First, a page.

The other day, Ward Bell and I were discussing both the future and existing routing features in AngularJS. In that conversation, we talked about what was and wasn't an appropriate responsibility for a routing module. In my opinion, the router itself shouldn't know when it's safe to navigate away from the current location; to me, that logic belongs in the Controller(s) that both understand and manage the current view-model. The controllers can hook into the $location (or $route) events and then examine the view-model in order to determine if the user should be prompted for location-change approval.
In this blog post, I'm using the $location service. But, the same functionality could be achieved using the $route service as well. It's important to understand that the $route service is nothing more than a thin layer built on top of the core $location service. As such, it provides no extra value in this particular context.
The key to prompting a user for a location-change confirmation is in understanding the $location lifecycle. There are two events triggered by the $location service:
- $locationChangeStart - fires before the location view-model and browser URL are synchronized.
- $locationChangeSuccess - fires after the location view-model and the browser URL are synchronized.
The $locationChangeStart event gives our application a hook into pre-synchronization validation, which is exactly what we want. In the $locationChangeStart event handler, we can call event.preventDefault(), which will cancel the location change entirely. Our controller can then prompt the user for change-confirmation; and, if the user agrees, we can re-initiate the location-change event.
In the following demo, I have a few links that will change the URL. Each time the user goes to change the URL, we're going to ask them if they really want to allow the navigation.
Because I am doing this in the root Controller, there's an edge-case that we have to work-around. Since the AppController and the $location service are being initialized in the same cycle, we run into an edge-case in which our AppController will pick up the $locationChangeStart event triggered during the $location service initialization. To get around this, we are putting our event-binding inside of a $timeout(). While this is a valid edge-case, it's less likely to be one that you encounter in your real-world application (since most Controllers are instantiated as a result of the location change, not before the location change).
If you look past the comments, there's really only a few lines of code here. When the Controller picks up the $locationChangeStart event, it cancels the location change and stores the target location data. Then, if the user confirms the location change, the Controller re-initiates the target location change.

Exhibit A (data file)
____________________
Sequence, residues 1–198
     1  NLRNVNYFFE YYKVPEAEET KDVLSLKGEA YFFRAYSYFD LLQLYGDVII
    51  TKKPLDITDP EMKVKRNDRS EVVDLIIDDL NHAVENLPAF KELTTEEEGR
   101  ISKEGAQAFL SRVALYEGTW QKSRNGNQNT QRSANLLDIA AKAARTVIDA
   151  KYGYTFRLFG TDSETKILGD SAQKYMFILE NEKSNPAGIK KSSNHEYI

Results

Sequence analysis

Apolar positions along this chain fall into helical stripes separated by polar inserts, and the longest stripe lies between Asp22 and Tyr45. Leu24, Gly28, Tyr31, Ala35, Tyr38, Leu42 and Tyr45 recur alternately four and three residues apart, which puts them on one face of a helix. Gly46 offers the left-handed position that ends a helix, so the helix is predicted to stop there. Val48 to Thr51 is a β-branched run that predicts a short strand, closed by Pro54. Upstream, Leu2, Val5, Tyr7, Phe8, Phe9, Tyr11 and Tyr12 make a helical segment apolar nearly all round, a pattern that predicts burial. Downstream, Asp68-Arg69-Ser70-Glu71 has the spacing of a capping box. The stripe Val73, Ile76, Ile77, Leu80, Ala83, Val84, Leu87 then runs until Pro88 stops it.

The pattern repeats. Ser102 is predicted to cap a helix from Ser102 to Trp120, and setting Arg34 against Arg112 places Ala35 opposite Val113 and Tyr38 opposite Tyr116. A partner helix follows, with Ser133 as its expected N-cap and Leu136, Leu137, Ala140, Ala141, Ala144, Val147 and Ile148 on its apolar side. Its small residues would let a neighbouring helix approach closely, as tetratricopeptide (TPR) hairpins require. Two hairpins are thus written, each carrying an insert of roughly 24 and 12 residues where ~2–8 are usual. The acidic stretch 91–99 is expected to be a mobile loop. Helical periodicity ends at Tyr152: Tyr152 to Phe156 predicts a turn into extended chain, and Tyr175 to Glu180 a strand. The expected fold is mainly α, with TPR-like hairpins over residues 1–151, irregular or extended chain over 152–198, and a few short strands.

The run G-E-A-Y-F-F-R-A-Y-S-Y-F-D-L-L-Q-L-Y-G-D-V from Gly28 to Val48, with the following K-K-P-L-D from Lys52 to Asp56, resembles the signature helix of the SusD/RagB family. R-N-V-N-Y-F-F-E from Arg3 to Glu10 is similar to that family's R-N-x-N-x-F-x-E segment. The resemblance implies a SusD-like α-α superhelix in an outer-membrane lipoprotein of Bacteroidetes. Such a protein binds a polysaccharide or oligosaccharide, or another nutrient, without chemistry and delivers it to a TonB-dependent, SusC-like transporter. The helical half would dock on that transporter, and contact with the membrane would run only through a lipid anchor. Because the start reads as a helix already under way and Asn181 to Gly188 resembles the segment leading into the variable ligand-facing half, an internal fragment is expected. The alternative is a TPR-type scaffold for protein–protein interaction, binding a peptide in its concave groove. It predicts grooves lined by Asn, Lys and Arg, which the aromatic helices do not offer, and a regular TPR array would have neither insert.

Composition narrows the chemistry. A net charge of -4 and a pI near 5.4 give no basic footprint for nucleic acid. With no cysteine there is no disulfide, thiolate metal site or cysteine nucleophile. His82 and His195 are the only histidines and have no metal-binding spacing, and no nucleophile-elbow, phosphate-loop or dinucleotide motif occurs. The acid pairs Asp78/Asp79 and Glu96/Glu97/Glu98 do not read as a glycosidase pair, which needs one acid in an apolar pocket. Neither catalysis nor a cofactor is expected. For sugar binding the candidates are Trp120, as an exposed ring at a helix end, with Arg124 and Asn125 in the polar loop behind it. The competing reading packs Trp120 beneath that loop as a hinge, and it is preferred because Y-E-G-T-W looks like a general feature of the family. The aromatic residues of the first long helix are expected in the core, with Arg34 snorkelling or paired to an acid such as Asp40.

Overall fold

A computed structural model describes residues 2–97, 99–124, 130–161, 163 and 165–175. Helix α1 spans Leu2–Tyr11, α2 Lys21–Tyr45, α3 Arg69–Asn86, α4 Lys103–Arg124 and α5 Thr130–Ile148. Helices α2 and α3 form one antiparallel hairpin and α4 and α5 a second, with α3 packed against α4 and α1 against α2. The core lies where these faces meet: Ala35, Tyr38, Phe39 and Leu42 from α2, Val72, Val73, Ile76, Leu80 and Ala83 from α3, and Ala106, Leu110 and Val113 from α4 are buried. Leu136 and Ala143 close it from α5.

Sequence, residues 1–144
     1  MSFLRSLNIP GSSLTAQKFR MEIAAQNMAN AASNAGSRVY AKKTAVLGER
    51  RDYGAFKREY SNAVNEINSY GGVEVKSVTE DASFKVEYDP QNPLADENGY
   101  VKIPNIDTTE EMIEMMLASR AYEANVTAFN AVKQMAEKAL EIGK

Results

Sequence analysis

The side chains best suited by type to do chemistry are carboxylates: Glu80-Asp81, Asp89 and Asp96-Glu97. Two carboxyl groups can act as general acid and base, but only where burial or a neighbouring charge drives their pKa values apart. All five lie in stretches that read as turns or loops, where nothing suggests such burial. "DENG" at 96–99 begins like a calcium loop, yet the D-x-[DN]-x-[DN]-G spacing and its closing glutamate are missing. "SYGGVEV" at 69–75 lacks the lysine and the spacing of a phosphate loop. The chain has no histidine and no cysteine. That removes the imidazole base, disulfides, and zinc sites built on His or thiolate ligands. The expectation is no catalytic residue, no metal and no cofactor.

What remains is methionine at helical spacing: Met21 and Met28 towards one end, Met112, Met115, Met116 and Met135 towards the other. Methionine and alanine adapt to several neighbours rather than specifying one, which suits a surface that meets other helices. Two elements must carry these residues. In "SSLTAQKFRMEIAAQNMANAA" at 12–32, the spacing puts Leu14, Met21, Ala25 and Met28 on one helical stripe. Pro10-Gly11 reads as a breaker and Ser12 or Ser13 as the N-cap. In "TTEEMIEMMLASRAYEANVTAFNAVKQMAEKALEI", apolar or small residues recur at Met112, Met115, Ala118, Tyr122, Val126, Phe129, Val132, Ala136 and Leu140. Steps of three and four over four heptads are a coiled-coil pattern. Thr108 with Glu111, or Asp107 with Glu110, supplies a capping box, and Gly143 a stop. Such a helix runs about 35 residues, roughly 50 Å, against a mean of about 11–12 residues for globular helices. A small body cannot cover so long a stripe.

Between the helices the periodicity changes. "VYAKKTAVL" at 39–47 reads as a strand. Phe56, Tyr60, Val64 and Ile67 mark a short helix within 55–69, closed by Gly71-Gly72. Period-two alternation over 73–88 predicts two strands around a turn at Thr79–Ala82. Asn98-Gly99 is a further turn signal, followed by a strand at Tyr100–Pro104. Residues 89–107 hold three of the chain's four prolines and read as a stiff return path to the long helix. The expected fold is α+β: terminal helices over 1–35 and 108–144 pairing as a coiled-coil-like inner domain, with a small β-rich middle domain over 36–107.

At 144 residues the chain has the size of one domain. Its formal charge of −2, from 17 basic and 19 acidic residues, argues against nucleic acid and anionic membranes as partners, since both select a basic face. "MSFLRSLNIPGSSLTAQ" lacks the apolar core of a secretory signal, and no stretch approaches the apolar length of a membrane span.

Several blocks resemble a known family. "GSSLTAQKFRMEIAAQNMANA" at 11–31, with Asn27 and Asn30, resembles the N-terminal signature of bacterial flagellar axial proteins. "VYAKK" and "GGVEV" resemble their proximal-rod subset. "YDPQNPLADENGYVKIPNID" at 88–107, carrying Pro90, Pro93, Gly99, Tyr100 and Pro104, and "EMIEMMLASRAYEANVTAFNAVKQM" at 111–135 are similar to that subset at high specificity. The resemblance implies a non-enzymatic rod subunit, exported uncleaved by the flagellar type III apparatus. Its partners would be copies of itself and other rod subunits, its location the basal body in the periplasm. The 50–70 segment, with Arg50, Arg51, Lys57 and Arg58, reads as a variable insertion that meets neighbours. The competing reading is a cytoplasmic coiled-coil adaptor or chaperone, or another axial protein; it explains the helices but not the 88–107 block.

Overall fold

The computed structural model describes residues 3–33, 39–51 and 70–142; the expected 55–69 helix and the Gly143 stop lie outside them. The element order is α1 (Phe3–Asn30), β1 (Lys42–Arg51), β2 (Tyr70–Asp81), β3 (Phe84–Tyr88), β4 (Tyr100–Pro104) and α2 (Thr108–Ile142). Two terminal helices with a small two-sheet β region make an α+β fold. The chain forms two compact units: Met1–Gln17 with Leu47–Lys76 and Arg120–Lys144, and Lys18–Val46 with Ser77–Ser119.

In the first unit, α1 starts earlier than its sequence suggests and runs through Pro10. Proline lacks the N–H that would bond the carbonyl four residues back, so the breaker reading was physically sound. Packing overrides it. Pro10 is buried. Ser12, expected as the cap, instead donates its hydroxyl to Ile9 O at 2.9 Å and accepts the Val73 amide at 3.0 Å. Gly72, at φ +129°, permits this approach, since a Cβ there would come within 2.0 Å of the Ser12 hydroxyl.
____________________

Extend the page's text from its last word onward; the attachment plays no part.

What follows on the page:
Since most real-world scenarios would result in the destruction of the given controller (otherwise, why bother prompting the user), it would generally be sufficient to simply deregister the event bindings. But, in our case, since the Controller is never actually being destroyed, we have to deregister and then reregister the $locationChangeStart event binding so that the demo may continue to work properly.
Beyond the controller-based logic, the real secret sauce to this workflow is being able to prompt the user for data and then return that data in the form of a promise. In this case, I'm wrapping the core window.confirm() method in a promise; but, you could also create a simple modal window system in AngularJS that runs on promises.
Want to use code from this post? Check out the license.
Nice dive, as always! There's a module I found awhile back that does something very similar, but it is centered squarely around form submission and integrates well with formController. Been using it in production for awhile now. Here's the repo for anyone interested:
Cool directive. The whole Form ecosystem is really something that I need to learn more about. I've only scratched the surface, looking at the ngModelController. It seems like there's so much more to forms and the form lifecycle that I know nothing about. So much to learn, so few hours :D
Very good article, help me so much. Thank you.
Does this work for when the user writes the destination url in the searchbar? What about front and back button clicks? I could not get it to work for this.